Attorneys representing a Georgia Gwinnett College student and a former student announced Monday they are continuing a legal fight against the Lawrenceville-based college over free speech rights.

Alliance Defending Freedom said it has filed an appeal of a federal court’s dismissal of a free speech lawsuit against GGC. A U.S. District Court recently dismissed the case as moot because the college changed its policies on how people are allowed to speak publicly on campus.

The civil liberties legal group, whose attorneys are representing former student Chike Uzuegbunam and current student Joseph Bradford, said the issue isn’t moot. The group is arguing the court didn’t settle the constitutional rights aspect of the case.

“The First Amendment guarantees every student’s freedom of speech and religion,” ADF Legal Counsel Travis Barham said in a statement. “The district court clarified what Georgia Gwinnett College refused to make clear: that its students have the right to speak in any outdoor area of campus.

“That’s good news, but it doesn’t vindicate our clients’ constitutional rights. The district court ignored how GGC officials repeatedly censored Chike, and these officials should not get off scot-free for creating and enforcing policies that trampled students’ constitutionally protected freedoms.”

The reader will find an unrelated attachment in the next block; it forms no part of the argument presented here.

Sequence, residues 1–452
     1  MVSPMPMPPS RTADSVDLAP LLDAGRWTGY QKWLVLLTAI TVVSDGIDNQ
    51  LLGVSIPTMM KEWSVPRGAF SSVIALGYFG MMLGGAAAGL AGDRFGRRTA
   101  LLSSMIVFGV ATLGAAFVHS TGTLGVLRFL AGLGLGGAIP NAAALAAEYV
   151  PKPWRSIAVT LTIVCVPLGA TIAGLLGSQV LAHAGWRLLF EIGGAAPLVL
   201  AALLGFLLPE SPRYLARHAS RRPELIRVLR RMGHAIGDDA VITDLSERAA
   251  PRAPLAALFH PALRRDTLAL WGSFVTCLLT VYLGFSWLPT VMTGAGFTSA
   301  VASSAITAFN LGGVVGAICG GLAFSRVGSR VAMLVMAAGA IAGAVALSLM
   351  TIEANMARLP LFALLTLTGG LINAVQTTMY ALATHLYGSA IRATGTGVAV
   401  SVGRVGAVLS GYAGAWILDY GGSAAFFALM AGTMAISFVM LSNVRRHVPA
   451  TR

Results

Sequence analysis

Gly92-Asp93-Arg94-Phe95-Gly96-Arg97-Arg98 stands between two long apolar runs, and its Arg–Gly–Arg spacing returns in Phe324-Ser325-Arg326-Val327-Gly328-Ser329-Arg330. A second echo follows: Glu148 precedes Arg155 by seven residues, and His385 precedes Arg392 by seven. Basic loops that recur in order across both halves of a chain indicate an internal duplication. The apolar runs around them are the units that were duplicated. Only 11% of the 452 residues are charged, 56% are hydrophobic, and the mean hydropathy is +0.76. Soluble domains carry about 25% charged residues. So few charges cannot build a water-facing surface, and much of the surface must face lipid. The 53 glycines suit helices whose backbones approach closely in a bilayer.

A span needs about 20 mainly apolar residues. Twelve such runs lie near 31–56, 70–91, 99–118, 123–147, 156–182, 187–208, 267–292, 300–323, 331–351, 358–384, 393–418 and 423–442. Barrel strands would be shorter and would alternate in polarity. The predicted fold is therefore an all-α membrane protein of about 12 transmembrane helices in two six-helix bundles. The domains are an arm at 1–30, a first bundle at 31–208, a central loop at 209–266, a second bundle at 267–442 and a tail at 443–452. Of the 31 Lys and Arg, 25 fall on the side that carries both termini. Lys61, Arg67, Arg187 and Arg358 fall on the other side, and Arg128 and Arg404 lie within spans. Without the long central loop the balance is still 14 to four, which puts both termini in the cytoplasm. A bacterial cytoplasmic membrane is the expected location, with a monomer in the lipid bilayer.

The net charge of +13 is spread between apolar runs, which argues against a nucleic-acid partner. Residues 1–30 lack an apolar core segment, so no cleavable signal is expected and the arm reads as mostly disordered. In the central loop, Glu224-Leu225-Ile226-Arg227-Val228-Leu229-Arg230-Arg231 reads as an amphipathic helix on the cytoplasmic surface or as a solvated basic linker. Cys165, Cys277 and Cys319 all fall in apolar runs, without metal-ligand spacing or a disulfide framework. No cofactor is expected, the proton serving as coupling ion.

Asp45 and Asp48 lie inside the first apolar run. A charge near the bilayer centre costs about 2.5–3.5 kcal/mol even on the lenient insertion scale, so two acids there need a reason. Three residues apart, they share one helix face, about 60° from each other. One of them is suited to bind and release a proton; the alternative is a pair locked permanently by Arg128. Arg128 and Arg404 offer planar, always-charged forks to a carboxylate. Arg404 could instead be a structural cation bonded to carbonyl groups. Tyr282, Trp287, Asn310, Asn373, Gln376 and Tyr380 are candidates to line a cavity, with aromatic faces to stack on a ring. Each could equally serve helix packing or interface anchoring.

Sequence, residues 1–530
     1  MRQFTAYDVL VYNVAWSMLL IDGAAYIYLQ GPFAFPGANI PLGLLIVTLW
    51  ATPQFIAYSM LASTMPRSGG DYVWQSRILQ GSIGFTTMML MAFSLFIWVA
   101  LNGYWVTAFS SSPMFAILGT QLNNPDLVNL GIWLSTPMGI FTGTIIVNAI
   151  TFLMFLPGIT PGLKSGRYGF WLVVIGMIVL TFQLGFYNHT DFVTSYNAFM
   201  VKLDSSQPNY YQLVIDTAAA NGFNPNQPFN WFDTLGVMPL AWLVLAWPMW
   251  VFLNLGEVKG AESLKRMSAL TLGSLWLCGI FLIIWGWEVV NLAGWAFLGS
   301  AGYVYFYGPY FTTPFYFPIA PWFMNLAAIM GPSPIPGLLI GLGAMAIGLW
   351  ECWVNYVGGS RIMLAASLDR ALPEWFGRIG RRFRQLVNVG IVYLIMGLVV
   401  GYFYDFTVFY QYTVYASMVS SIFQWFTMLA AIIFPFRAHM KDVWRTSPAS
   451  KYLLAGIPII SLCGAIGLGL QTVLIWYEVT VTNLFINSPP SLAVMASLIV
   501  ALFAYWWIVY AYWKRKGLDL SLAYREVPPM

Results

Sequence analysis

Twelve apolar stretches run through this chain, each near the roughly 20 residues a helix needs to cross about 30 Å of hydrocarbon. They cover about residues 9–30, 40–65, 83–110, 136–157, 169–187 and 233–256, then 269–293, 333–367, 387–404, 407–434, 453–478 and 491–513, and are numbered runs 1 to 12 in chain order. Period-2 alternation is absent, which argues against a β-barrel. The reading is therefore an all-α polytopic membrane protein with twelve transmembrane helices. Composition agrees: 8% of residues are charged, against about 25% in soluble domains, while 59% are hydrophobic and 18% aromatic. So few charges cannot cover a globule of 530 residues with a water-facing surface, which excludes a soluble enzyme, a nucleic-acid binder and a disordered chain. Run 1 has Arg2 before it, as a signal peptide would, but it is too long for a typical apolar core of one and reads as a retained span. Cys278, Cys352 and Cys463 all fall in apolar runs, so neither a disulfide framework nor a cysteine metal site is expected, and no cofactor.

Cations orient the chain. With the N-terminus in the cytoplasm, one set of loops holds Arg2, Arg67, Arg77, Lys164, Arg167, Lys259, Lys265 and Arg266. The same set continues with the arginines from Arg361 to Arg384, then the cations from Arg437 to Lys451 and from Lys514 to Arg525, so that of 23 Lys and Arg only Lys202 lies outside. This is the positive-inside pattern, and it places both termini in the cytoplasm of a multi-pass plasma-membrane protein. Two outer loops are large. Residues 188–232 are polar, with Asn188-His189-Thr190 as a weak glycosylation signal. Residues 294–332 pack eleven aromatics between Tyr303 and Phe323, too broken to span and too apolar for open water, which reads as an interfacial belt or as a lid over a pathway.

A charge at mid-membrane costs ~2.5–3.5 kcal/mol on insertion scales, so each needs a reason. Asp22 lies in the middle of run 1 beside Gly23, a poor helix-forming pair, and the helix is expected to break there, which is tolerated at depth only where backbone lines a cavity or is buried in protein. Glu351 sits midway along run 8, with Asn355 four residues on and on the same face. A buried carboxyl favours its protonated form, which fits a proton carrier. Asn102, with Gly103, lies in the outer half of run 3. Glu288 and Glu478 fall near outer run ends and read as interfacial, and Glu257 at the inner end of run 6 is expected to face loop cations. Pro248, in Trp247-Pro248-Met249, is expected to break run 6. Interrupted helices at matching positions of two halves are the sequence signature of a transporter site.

The civil rights lawsuit was filed in December 2016 and has drawn some national attention, particularly after U.S. Attorney General Jeff Sessions filed a brief in support of the students last fall.

The case revolves around a speech zone policy GGC had in place during the 2016-17 school year and an incident that happened at the beginning of that academic year. Uzuegbunam wanted to speak on campus about his Christian beliefs, but school officials stopped him because he had not followed the policy.

The policy required that he seek permission from GGC officials to speak on campus three days beforehand. The policy also limited him to speak in one of two areas on campus.

Uzuegbunam’s attorneys said that he then tried to comply with the policy, but school officials told him he could speak about religious beliefs, deeming it “disorderly conduct.”

The policy has been changed since then and students can now speak in any of GGC’s outdoor areas. The attorneys for Uzuegbunam and Bradford are now pushing to make sure policies similar to the one that prompted the lawsuit are not implemented in the future.

“Students don’t check their constitutionally protected free speech at the campus gate,” ADF Senior Counsel and ADF Center for Academic Freedom Director Tyson Langhofer said in a statement. “Today’s college students will be tomorrow’s leaders; that’s why it’s so important that public universities model the First Amendment values they are supposed to be teaching to students.

“We’re encouraged that GGC eliminated its unconstitutional speech code and that the court ruled students can speak freely on campus, but we want to ensure that the wrong done to our clients is righted.”

I'm a Crawford Long baby who grew up in Marietta. I eventually wandered away from home and attended the University of Southern Mississippi, in Hattiesburg, Miss., where I first tried my hand at majoring in film for a couple of years. And then political sc